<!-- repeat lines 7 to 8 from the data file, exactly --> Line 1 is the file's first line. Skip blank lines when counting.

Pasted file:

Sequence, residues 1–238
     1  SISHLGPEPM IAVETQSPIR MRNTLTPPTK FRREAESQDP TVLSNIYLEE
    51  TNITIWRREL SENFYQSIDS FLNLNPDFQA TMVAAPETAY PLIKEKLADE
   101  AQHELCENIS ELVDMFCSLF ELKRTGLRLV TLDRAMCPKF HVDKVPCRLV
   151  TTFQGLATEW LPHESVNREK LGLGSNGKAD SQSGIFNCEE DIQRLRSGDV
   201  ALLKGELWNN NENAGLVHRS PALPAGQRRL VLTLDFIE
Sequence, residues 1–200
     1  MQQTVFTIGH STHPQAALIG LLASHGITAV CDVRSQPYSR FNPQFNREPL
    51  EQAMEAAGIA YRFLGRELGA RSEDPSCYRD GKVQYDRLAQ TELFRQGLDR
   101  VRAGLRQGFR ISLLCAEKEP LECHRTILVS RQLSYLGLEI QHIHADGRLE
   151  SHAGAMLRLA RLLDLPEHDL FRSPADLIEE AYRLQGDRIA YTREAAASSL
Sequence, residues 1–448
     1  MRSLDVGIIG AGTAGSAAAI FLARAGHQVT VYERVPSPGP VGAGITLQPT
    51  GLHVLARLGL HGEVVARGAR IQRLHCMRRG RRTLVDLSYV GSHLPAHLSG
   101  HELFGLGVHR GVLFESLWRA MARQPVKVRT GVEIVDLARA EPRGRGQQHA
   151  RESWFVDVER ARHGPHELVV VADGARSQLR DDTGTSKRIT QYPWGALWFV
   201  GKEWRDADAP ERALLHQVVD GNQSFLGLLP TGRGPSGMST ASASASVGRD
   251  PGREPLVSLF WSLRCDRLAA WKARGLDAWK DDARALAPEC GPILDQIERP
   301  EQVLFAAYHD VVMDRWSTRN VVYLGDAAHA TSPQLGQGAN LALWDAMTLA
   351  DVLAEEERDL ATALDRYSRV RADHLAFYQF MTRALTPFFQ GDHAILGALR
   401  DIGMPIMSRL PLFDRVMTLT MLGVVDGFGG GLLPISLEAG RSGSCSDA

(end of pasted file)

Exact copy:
Sequence, residues 1–200
     1  MQQTVFTIGH STHPQAALIG LLASHGITAV CDVRSQPYSR FNPQFNREPL